‘Sleepwalking Into War’: Few Israeli Voices Oppose
Below are two pieces from Israel describing the siege mentality inside Israeli society and how those feelings of isolation have fed the determination to attack Iran. Unlike the articles I have repeatedly slammed here that suggest the inevitability of an Israeli attack and that are reliant on unnamed Israeli officials (by Jeffrey Goldberg and Ronen Bergman), these pieces convey the irrationality of Israeli society, the paranoia and dissociation.
Especially the second excerpt below, Larry Derfner’s reporting at Salon, which describes the reluctance of the sane to speak out against this mad idea, because the society is so militarized. As Derfner shows, generals hold the greatest authority in Israeli society, but generals in the end obey chain of command.
Joel Greenberg in Washington Post:
“It’s like people are saying, ‘A typhoon is coming,’?” Avi Funes, a 57-year-old accountant, said over lunch at the Azrieli Center, a towering glass-and-steel mall and office complex next to the military headquarters and the Defense Ministry — a potential target area for retaliatory missile strikes.
“People aren’t taking to the streets to protest against an attack,” Funes added. “There’s a kind of complacency. What can the ordinary citizen do? It’s not up to him.”
The wisdom of a strike on Iran has been debated here for months, with current and former security officials as well as political figures arguing about whether such a move would achieve its aims or, instead, provoke costly retaliation and possibly a broader conflict without stopping Iran’s nuclear effort. On Tuesday, Iran warned of preemptive action against its foes if it felt its national interests were threatened…
But among visitors to the designer shops and cafes at the Azrieli complex this week, there seemed to be only faint trepidation.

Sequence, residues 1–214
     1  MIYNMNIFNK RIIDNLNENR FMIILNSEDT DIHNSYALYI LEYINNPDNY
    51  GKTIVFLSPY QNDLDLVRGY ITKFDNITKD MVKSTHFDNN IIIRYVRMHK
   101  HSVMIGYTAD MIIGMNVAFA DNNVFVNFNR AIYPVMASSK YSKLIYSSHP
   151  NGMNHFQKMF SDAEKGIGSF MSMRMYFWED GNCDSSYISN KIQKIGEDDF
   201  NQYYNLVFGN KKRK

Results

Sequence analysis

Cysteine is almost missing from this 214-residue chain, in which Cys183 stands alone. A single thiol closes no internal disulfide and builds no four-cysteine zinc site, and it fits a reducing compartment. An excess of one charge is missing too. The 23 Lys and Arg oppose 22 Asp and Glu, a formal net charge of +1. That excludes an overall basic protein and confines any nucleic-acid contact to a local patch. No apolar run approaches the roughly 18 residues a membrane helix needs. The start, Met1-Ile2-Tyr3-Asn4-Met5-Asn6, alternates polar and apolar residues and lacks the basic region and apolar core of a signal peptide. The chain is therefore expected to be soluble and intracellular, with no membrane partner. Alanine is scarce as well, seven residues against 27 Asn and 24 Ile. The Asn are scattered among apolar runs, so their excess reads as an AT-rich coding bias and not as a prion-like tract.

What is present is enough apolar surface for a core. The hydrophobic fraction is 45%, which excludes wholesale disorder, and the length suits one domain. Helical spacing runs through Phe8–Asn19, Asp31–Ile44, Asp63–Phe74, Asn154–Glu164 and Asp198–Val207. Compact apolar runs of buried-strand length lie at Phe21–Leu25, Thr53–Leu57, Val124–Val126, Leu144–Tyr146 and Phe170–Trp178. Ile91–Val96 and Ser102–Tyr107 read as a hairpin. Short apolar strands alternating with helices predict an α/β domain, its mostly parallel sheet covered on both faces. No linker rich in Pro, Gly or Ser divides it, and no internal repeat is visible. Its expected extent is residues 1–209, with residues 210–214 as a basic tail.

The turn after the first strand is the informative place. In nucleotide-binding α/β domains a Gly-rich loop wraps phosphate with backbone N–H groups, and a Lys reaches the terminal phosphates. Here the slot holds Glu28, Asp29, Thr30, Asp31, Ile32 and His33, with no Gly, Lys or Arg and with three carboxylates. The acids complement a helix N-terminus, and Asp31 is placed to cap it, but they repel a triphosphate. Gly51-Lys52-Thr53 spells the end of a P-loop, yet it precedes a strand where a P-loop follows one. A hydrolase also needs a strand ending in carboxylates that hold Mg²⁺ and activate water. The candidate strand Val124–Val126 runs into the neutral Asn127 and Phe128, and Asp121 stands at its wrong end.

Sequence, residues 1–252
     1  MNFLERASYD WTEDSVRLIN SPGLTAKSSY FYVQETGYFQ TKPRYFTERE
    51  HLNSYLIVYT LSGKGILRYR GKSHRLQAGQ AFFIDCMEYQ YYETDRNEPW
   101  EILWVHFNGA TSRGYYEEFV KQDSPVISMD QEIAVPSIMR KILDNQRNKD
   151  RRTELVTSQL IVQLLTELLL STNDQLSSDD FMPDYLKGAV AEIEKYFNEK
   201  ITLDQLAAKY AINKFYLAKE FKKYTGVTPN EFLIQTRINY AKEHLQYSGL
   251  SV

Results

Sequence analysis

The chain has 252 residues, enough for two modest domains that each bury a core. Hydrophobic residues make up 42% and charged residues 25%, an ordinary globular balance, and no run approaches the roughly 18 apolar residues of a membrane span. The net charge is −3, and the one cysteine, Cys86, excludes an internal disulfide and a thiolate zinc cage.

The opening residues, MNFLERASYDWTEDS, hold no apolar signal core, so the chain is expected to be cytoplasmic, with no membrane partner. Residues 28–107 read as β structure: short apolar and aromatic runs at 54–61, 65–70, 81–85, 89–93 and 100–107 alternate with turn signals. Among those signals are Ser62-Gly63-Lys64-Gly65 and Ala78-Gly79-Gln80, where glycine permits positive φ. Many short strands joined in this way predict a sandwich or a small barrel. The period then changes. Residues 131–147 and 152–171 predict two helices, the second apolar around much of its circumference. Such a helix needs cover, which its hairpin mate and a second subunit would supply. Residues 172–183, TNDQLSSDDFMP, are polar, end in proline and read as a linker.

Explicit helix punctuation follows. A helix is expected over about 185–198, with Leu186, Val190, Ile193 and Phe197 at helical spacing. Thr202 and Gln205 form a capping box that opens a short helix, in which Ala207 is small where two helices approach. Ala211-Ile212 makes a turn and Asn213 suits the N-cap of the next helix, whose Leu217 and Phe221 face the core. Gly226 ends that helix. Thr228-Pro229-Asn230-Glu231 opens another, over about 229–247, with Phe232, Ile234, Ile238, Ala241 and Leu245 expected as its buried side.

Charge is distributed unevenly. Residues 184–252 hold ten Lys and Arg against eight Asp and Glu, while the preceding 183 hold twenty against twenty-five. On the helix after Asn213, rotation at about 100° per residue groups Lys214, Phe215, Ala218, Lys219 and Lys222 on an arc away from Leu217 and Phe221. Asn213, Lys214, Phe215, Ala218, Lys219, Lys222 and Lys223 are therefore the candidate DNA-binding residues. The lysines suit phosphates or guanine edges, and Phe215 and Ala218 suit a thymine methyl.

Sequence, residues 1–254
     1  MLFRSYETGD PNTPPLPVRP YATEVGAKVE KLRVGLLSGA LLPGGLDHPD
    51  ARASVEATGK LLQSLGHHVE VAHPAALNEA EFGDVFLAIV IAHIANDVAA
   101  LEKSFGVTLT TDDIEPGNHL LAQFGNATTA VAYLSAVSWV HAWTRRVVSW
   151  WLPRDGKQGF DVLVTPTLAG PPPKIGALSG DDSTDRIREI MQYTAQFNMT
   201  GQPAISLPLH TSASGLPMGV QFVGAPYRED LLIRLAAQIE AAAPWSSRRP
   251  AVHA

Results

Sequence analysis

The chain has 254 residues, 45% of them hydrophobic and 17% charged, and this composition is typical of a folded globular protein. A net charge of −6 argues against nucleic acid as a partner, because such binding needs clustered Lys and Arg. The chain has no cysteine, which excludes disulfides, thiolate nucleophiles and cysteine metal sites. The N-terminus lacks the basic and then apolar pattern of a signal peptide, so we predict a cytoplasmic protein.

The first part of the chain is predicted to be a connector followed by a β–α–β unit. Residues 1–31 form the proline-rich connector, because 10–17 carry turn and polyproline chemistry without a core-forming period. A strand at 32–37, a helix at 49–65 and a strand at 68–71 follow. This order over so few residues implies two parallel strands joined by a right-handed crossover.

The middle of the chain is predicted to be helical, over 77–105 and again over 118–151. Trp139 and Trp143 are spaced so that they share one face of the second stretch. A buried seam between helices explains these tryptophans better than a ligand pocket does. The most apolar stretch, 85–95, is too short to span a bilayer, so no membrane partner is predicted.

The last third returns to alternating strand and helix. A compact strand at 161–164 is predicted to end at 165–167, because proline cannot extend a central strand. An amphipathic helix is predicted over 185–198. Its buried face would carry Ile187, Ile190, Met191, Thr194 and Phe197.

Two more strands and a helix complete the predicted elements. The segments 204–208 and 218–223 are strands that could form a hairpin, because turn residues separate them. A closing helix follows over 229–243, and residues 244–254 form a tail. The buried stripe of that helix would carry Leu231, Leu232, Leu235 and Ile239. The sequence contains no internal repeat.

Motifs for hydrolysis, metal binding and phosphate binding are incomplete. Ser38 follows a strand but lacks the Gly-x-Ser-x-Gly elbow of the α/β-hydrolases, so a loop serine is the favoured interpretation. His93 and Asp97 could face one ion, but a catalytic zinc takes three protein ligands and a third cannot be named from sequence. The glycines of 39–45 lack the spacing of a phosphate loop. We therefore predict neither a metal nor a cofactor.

“It’s business as usual, although there are concerns,” said Zehava Shem-Tov, a 50-year-old secretary on a lunch break. “There is a sense that something unpleasant awaits us, but it’s kind of repressed.”
Amos Tzion, 53, who sets up farming projects abroad, said that “there’s concern, but also the need” to take action. “We live in an area that’s always been threatening, we’ve grown accustomed to that, and there’s an existential fear that Iran will have the bomb, and something has to be done about it,” he said.
Larry Derfner in Salon:
Only one person has made a real effort to reverse the country’s course, and lately he’s given up, too. At the start of last year, upon finishing his legendary tenure as Mossad chief, Meir Dagan, then the country’s unchallenged supreme warrior, did the unprecedented. He began speaking out openly against an attack on Iran, calling it “the stupidest idea I’ve ever heard,” and warning that afterward, “the regional challenge that Israel would face would be impossible.” He was going public, he explained, because “there is no one to stop Bibi and Barak” from undertaking such a “dangerous adventure” now that he and the other military and intelligence chiefs, who had the clout to rein in the political leadership, were retiring.
Last week, after months of silence, Dagan resurfaced to announce he’s heading a new NGO to change Israel’s parliamentary system – an old chestnut of the good government movement that seems conspicuously irrelevant now. For nearly a year, Dagan raised a flag, and when he saw hardly anyone behind him, he lowered it. A few high-level ex-warriors, including two former army chiefs of staff, warned against the consequences of attacking Iran. But these were isolated remarks that got very little attention; in the public’s mind, the antiwar movement began and ended with one man.
I asked a retired army general who agrees with Dagan’s views why he and the many others like him didn’t get together and sign a letter in a major newspaper, or hold a press conference, or do something that might start a public debate over this fairly fateful matter; after all, Israelis listen to generals. He replied that he and his fellows didn’t have the information that those around the cabinet table had, they didn’t know if the government really intended to order an attack, and they didn’t want to take the chance that this was all “psychological warfare,” which they would be undercutting if they spoke out.
“You have to understand,” he said, “Israel is a small community, everybody knows everybody else’s opinion, so you have to be responsible. That’s the way I was educated.”
No opposition – that’s what Netanyahu and Barak want, and at home, that’s what they’re getting.
As for opposition from the Obama administration, it has been awfully muted. The Republican presidential candidates (with the exception of Ron Paul) have been gung-ho, which has much to do with the administration’s wariness toward Israel in this election year.